Anyway, back to the carol. I’m singing it and it makes me think how many millions of people, all over the world, have sung this tune before me during the last 500 years. I wonder who they all were, and if any of them were sad about the things I’m sad about, and then I realise that of course some were, because with that many people, it’s a given.

And that’s the Wenlock Edge moment. Or at least, that’s the way I do it. And that’s the realisation where everything changes.

That’s the moment when the lense through which I view my life suddenly pans out.

That’s the moment when you are hovering at ceiling height in the office block of your being, looking down on the cube farm of your existence and seeing more than just the bubble of emotion you are sat in.

That’s the second when you see all the other colours in your life and how they shimmer and glow and interconnect. And that, for me, is usually the moment when I suddenly realise that everything is OK. Or in this case, that I’ve achieved a lot more than I thought. That I’m stronger than I realised. I’ve done alright.

And it feels affirming, uplifting.

Actually, it feels marvellous!

Because this time last year, I was worried sick. I’d spent Christmas with my parents, my Mum was getting forgetful and was not very well, her friends and the lovely peps who help her garden, help her clean the house, and who come in and look after Dad. All of them were worried. I was worried. Mum and Dad weren’t safe on their own. The long process of persuading them they needed live in care began.

And I remembered that and I contrasted it with the way I feel now.

And it was surprisingly better!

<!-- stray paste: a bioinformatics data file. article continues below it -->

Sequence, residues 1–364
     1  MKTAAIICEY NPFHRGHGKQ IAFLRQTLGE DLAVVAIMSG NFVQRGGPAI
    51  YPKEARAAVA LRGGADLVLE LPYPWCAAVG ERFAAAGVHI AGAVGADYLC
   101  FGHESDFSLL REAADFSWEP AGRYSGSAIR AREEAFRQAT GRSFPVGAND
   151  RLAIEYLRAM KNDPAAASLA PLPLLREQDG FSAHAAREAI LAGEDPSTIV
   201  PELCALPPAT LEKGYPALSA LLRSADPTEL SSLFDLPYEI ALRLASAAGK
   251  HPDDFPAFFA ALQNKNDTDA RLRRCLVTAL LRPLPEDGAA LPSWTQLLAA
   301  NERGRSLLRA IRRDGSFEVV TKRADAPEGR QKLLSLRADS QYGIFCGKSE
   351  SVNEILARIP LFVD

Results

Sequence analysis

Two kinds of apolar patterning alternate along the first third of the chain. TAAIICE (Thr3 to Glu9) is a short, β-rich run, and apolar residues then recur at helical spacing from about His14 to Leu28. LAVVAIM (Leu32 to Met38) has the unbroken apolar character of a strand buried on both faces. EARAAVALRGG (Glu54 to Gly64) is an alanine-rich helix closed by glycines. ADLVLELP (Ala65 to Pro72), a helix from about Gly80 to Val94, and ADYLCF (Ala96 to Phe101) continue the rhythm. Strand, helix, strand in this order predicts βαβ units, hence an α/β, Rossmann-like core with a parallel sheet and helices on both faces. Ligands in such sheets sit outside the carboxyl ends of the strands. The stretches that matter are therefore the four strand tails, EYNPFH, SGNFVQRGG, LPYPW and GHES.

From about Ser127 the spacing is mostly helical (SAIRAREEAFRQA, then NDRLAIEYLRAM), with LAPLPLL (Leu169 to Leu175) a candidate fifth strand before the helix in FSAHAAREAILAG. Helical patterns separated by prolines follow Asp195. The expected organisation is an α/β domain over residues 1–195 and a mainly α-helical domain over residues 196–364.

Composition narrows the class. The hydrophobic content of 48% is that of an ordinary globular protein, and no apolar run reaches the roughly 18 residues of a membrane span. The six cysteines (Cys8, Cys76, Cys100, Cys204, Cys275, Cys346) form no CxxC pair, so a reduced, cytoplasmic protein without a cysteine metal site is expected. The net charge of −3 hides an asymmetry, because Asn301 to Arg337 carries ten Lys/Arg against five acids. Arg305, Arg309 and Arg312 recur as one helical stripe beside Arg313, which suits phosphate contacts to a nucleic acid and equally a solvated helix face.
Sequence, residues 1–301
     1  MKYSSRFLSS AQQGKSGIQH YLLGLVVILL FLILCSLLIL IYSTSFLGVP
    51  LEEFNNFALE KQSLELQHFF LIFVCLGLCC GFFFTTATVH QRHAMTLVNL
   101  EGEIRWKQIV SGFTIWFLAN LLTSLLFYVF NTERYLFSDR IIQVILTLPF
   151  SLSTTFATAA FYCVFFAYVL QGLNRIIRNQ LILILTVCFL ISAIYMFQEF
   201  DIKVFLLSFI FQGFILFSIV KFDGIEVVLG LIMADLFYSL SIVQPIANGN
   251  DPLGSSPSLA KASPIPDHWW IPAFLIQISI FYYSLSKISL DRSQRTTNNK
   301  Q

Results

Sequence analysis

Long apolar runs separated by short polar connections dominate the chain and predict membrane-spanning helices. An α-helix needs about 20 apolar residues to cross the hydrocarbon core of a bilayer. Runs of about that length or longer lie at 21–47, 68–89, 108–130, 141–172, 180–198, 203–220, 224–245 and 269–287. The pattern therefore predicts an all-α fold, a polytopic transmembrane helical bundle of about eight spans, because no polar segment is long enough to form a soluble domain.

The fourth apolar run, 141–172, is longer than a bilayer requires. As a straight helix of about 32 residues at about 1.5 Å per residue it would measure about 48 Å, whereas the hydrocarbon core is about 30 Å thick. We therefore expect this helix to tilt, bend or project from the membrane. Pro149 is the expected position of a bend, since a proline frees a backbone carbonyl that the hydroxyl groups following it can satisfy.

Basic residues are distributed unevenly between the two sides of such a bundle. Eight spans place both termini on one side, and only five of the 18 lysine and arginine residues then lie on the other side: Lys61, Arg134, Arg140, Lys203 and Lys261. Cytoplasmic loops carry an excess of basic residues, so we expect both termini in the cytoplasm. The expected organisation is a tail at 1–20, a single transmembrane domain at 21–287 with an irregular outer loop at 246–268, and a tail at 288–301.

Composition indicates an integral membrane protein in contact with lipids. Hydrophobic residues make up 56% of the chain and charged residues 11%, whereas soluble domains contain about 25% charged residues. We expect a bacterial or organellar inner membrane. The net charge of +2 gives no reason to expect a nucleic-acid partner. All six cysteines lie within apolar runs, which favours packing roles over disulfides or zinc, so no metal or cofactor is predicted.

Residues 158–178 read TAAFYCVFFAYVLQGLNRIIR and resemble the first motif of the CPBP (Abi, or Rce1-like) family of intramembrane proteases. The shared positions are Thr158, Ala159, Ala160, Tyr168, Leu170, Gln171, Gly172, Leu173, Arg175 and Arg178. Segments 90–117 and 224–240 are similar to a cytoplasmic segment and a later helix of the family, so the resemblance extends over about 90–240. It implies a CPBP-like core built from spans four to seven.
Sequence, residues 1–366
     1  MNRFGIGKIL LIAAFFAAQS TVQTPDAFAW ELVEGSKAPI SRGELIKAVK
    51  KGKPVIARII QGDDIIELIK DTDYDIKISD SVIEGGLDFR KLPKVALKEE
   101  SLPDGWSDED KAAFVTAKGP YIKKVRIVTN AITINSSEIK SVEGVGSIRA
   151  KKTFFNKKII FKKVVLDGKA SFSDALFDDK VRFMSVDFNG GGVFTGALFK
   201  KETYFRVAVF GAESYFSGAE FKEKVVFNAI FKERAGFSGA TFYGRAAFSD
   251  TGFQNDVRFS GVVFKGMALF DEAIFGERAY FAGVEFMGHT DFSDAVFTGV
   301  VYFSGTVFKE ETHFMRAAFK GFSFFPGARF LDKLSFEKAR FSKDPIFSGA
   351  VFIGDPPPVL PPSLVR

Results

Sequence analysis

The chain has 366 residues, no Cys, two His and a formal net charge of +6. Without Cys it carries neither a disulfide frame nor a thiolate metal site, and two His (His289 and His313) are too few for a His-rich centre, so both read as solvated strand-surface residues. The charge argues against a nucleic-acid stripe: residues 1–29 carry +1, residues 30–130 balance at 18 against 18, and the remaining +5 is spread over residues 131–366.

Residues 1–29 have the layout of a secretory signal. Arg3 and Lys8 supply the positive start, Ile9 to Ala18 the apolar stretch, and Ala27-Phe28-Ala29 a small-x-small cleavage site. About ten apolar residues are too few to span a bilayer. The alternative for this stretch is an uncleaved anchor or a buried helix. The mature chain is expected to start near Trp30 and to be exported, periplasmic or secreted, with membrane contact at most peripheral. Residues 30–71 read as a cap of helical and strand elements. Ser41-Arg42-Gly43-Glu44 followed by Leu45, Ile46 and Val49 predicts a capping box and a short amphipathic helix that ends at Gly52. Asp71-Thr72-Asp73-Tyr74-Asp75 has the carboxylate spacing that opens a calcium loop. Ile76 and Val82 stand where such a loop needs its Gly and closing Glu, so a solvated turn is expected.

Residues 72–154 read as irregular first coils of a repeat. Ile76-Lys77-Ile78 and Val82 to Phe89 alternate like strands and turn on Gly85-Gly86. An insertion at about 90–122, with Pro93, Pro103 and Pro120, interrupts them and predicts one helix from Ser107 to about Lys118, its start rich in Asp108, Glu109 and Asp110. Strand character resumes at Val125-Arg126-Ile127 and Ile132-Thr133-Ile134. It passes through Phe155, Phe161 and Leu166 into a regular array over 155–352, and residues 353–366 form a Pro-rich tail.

OK, so watching people you love die the death of a thousand tiny mental cuts … over a period of 8 years and counting … is not a process I recommend for the maintenance of a 24 hour joyous disposition. Yes, there is still the sadness and there is still the pressure. So much to do, not much time to do it in, the requirement to make weekly visits and be a nice mother and wife and funny and good company when I’m actually rather sad a lot of the time. Then there’s the making sure that there is room for grief but that it doesn’t become a habit.

Amazingly, what I realise is that I’m coping. I love and am loved. And there are still good times too. And for all my banging on about looking back on things regularly in my writing, about making sure I realise how much progress I’ve made, about how we should all do that, in this crucial personal thing, I haven’t. I haven’t done it in my writing either.

Doh. Channelling Homer.

Achievements for 2016 then. My parents are in their own home where they want to be. They are warm, cared for and looked after by a bunch of folks who love them almost as much as my brother and I do. They are as happy as their circumstances will allow. They are supported and safe. And me, I’m as happy as I can be that I’ve done right by them, done for them what I’d want people to do for me, made it possible for them to live the way they want, where they want, for as long as they are able.